We arrived at Keflavik airport tired ( the direct flight from Seattle leaves in mid afternoon, and with the time change gets in early in the morning so you miss out on the night), cold (somehow with all our traveling experience we assumed summer would be at least warm, not fully appreciating how seriously one should take the name ‘Iceland’) but excited. The airport is very organized. The excursion busses and desks, cafes, and cash machines are straight in front of you as you head towards the exit. There is no need to book any excursion from the airport beforehand; it can all be done right there.
We had decided to go to the Blue Lagoon before heading off to the hotel in Reykjavik. The bus had a rocky start, when one piece of luggage fell out and had to be rescued; later we saw our luggage had been damaged so it wasn’t so humorous.
The Blue lagoon is a great place to start an Iceland trip, especially if you’re exhausted and freezing. The drive from the airport traverses some typical Icelandic lunar landscapes (after driving through some nondescript small towns where the driver seemed to be trying to rustle up some extra business at 8am on a sunday morning. Surprise, surprise – he failed.) and one arrives with a sense of great anticipation. Everything is organized – a place to leave luggage, lockers, a very well supplied changing room. And getting into that hot, soothing water is a real treat. The setting is wonderful and it’s a terrific place to start your trip.
After an hour or so we’re ready to move on to Reykjavik. The bus service from the airport is amazing – airport – Blue lagoon – hotel. Unfortunately we all fall asleep on the way to the hotel and either we miss our driver’s call, or in my comatose state I don’t hear properly or (as we suspect) he skips us out completely. So we’re left in the bus with our driver who seems very unhappy to take these stupid tourists to their hotel a second time, but he does. We’re at the Hotel Bjork, a pleasant 3 star. By the time we check in (it’s noon) and get to the room, we decide we’ll nap for a couple of hours. After 2 hours of beautiful sleep we extend the rest first by 1/2 hour, then a 2nd 1/2 hour. But by 3pm I’m committed to getting out for a while. By now we need extra layers of clothes, and I’m already regretting our very light packing.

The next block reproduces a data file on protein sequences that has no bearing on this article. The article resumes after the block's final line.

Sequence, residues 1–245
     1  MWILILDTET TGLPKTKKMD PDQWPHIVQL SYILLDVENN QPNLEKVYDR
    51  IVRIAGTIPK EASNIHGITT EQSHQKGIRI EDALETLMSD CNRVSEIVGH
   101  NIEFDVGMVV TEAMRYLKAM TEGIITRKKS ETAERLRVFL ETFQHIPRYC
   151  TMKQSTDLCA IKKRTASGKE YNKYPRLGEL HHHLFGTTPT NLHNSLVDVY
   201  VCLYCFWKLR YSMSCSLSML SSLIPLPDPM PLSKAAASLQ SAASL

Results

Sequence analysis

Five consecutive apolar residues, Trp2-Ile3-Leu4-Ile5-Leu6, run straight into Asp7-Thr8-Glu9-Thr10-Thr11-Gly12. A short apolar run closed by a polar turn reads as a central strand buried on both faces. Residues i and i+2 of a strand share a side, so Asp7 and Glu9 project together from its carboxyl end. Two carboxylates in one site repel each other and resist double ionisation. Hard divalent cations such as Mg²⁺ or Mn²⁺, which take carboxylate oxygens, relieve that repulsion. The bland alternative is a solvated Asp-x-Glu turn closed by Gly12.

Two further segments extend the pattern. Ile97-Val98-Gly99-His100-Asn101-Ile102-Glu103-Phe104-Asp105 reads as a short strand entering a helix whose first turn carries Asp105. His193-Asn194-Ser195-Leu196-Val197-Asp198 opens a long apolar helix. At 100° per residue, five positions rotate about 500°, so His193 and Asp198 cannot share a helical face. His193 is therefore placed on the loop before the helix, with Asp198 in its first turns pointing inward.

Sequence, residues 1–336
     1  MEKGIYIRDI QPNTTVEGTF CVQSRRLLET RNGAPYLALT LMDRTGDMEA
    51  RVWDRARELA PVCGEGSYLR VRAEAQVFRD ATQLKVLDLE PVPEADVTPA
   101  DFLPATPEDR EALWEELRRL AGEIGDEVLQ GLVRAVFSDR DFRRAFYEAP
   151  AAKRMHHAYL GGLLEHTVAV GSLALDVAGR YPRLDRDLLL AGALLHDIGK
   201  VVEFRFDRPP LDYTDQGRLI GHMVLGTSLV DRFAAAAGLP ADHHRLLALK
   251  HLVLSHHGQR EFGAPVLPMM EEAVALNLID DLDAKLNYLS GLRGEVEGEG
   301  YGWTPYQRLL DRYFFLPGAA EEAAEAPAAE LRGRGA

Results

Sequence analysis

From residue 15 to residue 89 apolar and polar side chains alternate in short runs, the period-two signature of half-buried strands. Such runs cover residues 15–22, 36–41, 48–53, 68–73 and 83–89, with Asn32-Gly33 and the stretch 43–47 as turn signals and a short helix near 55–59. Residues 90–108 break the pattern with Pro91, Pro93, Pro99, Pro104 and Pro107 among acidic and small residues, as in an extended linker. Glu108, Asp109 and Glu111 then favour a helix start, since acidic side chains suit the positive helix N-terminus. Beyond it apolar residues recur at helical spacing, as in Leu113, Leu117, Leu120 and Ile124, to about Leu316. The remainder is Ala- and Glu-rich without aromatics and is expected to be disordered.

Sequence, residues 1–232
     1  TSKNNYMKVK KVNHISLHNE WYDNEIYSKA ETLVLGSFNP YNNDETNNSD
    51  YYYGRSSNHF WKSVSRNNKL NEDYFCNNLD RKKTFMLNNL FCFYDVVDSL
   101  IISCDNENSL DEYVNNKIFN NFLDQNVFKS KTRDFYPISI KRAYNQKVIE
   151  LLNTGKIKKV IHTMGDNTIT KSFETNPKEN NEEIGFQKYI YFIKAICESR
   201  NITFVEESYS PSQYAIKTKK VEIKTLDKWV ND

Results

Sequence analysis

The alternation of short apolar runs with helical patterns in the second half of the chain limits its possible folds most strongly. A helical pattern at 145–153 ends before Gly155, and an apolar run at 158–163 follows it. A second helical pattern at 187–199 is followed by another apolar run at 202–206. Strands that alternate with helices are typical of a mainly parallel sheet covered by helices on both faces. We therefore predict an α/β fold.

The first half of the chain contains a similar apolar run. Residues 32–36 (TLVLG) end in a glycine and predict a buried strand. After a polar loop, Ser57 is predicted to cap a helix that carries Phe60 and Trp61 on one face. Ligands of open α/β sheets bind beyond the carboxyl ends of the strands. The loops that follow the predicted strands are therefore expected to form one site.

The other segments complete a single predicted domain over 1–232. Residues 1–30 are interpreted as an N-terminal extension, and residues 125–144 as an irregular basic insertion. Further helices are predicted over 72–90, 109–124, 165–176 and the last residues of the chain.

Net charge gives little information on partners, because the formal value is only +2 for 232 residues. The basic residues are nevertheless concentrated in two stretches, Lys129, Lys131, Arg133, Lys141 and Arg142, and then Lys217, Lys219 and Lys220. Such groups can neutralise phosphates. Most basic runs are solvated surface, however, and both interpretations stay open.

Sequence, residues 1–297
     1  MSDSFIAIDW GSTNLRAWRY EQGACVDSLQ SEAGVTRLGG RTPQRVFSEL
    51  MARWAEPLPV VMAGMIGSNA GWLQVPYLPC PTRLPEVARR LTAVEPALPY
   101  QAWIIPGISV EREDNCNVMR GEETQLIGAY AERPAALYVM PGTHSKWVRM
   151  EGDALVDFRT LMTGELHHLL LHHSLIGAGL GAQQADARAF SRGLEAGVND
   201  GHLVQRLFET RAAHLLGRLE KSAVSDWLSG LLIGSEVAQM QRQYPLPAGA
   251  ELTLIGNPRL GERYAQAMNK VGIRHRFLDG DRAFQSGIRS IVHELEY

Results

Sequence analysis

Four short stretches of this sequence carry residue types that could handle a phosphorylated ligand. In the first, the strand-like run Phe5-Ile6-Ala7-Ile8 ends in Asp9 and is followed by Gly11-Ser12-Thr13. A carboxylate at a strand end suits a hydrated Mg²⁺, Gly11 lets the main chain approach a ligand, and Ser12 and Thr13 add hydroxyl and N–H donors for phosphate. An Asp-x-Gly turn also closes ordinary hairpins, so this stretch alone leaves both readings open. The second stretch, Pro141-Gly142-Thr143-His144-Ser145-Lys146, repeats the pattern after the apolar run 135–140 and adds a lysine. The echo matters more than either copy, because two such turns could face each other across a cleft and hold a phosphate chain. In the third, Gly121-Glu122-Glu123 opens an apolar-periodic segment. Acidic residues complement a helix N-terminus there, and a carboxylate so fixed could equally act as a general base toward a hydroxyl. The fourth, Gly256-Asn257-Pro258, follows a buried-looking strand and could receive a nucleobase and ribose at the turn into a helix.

10 minutes later we’re downtown in the mostly pedestrianized Laugavegur, the city’s main shopping street. It’s a perfect day, lots of people out, beautiful blue sky (we forget to imprint that sky in our brains, not realizing we won’t see much more blue skies over the next 10 days), cafes, shops, bars everywhere. We decide today’s not the right time to try any really exotic Icelandic fare – puffin , whale, putrified shark – do they call it that to make it sound more desirable or to help save the sharks ?- and settle for the rather mundane tuna sandwiches. Then we stroll around some more, our 14 year old son looking at all kinds of souvenirs and trying on different variations of Viking hats.
Eventually we’re too tired and head back for the hotel, stopping to pick up a variety of Skyr (yogurt) on the way. And then we’re asleep (although I find out in the morning my son stays up to watch Bruce Willis in Die Hard 2 on TV a few hours after discovering Die Hard 1 on the plane. So as we head into our trip, I know I’m in good hands.